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WORLD
March 22, 2011 | By Victoria Kim, Los Angeles Times
Radiation has been detected in seawater in areas surrounding the earthquake and tsunami-ravaged Fukushima nuclear plant in northeastern Japan, creating one more cause for concern after radiation was found in food items and tap water. Officials stressed that the levels -- which they said would have minuscule impact on the human body even if the seawater were ingested daily over a year -- were not cause for alarm. Tokyo Electric Power Company, which owns the plant, said it detected radioactive iodine-131 more than 125 times higher than the legal limit in a sample of ocean water found about 0.2 miles south of the Fukushima Daiichi plant on Monday, Kyodo News Agency reported.
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SCIENCE
March 12, 2011 | By Thomas H. Maugh II, Los Angeles Times
Another nuclear reactor at the Fukushima No. 1 facility in Japan has lost its emergency cooling capacity, according to the Associated Press, bringing to three the number of reactors at that facility to fall prey to Friday's magnitude 8.9 earthquake and tsunami. Added to failure of three reactors at Fukushima No. 2, the count is now six overall. So far, the only reactor that seems to pose an immediate risk of widespread danger is one of the two shut-down reactors at Fukushima No. 1, also known as Fukushima Daiichi, which was disabled by an explosion overnight that destroyed the building housing the reactor and the backup cooling system.
WORLD
March 15, 2011 | By Kenji Hall and Carol J. Williams, Times Staff Writers
Another fire at Japan's stricken Fukushima No. 1 (Daiichi) nuclear power complex broke out early Wednesday and authorities said about 70% of another reactor's fuel rods had been damaged by the spate of accidents and breakdowns since Friday's earthquake and tsunami. The ominous disclosure, after authorities insisted throughout the previous day that damage to the overheating reactors was negligible, compounded a sense of escalating hazards and fear five days after the disasters expected to take historic peacetime tolls on Japan's people and economy.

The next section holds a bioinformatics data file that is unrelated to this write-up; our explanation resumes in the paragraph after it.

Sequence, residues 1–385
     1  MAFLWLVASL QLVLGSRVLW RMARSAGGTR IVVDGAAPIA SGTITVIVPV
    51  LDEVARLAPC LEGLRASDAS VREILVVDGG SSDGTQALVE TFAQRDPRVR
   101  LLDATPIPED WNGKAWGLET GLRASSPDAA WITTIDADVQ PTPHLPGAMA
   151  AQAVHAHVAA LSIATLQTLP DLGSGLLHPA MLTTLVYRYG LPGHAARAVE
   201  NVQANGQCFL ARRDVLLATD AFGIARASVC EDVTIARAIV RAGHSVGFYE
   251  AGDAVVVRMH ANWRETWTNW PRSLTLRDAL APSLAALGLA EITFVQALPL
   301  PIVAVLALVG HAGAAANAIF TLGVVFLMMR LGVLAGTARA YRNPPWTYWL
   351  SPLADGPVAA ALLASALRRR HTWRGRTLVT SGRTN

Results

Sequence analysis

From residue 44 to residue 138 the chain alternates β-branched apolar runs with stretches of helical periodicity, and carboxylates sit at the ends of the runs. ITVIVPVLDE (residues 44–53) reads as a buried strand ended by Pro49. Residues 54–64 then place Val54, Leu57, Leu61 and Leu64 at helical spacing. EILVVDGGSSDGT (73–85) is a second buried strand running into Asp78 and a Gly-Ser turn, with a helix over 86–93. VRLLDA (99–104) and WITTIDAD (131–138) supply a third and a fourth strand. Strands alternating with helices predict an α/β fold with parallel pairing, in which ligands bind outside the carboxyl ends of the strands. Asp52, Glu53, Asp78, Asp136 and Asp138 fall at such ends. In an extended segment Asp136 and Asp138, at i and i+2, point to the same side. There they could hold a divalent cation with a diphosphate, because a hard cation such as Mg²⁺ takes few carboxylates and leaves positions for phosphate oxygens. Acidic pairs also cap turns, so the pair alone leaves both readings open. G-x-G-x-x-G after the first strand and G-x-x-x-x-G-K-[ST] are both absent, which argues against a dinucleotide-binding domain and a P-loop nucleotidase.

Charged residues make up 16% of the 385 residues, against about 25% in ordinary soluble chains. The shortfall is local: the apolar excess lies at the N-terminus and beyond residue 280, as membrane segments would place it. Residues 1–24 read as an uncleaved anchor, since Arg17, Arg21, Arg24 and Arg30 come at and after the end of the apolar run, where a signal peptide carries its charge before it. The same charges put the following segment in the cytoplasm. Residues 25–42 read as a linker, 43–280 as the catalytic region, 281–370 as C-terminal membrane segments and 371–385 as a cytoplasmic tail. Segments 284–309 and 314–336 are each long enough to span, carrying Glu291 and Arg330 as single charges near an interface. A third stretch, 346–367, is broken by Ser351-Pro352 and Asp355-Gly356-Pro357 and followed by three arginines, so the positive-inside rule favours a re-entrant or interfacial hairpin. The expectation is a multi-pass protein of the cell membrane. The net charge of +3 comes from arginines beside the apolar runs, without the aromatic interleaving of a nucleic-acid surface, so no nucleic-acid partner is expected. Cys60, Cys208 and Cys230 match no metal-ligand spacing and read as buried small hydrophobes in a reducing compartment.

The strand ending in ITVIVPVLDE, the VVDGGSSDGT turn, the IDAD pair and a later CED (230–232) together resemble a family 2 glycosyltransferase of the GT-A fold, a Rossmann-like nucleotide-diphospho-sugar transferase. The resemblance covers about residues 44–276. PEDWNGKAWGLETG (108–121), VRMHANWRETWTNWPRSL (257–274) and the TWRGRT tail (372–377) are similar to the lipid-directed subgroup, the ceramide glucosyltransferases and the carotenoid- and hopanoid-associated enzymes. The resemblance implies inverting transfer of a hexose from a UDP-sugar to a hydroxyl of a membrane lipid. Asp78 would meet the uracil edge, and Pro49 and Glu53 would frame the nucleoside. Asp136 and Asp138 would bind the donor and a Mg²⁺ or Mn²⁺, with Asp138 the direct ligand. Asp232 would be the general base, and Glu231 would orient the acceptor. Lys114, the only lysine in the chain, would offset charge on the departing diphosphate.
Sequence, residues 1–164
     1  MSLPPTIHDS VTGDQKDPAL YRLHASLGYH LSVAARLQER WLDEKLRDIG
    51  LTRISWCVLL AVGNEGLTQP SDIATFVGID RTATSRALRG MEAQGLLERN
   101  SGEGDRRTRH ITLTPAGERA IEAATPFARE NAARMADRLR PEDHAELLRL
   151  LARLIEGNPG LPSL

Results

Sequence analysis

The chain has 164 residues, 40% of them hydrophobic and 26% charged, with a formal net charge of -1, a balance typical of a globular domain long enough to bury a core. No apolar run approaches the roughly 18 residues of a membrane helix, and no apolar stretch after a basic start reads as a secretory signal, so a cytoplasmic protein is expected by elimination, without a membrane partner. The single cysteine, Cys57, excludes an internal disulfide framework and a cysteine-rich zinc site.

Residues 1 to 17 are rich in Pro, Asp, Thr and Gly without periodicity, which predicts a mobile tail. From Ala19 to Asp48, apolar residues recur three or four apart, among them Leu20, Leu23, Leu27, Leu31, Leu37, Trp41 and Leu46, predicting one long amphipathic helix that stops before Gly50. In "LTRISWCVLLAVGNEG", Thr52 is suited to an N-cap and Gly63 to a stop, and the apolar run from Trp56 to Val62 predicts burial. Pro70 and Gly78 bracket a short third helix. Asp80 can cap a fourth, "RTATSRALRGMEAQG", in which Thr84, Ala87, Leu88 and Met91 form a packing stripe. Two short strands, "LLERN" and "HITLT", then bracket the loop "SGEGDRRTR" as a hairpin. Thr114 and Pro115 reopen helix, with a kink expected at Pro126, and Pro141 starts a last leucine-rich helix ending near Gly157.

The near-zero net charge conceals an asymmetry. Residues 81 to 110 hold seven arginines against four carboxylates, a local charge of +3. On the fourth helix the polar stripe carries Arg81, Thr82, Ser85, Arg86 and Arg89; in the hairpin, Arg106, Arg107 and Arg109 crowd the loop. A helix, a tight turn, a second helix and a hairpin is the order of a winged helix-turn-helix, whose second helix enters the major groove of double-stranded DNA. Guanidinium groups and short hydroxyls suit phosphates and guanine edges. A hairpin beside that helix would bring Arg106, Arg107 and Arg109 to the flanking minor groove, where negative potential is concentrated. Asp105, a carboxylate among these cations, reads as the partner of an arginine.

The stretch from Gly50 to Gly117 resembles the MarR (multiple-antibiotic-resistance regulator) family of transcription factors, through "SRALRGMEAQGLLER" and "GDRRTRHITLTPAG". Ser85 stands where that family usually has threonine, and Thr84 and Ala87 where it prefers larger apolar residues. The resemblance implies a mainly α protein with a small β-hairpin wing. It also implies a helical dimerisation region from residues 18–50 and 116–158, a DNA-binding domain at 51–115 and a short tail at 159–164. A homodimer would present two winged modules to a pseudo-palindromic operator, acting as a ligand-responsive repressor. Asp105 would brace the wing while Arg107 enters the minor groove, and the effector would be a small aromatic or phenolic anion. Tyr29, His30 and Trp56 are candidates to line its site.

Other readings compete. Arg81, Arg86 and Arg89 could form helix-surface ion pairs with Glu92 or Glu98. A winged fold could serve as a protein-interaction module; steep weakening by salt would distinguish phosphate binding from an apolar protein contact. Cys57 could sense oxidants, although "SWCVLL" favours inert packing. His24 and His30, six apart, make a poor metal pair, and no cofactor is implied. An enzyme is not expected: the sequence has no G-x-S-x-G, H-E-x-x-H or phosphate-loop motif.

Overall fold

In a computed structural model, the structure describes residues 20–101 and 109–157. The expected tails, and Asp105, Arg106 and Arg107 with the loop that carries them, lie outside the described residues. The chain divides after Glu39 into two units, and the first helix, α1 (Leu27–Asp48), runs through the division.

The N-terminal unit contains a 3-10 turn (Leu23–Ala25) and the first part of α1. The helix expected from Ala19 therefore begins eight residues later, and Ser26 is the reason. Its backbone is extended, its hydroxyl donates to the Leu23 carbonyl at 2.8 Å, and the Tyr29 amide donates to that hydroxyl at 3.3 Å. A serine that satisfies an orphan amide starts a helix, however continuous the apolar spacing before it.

WORLD
March 23, 2011 | By Julie Makinen and Don Lee, Los Angeles Times
[Update 12:47 a.m.] Tokyo's utility company says black smoke has been seen emerging from Unit 3 of the crippled nuclear plant in northeastern Japan, prompting a new evacuation of the complex. Officials with Tokyo Electric Power Co. said Wednesday that workers from the entire Fukushima Dai-ichi plant have been temporarily evacuated. _________________ Control room lights were on and electronic thermometers were functioning Wednesday at several of Japan's stricken nuclear reactors, marking small but potentially critical steps toward controlling overheated fuel that has been spewing radiation for more than a week.
WORLD
April 12, 2011 | By Kenji Hall and John M. Glionna, Los Angeles Times
Japanese nuclear regulatory officials Tuesday raised the severity rating at the earthquake- and tsunami-damaged Fukushima Daiichi power plant to the highest level by international standards, equaling the 1986 Chernobyl meltdown in the former Soviet Union. The country's Nuclear and Industrial Safety Agency announced that because of the amount of radioactive material released from the plant after the magnitude 9 earthquake a month ago, the rating would be changed to level 7, a "major accident" on the International Atomic Energy Agency's scale, up from a level 5, an "accident with wider consequences.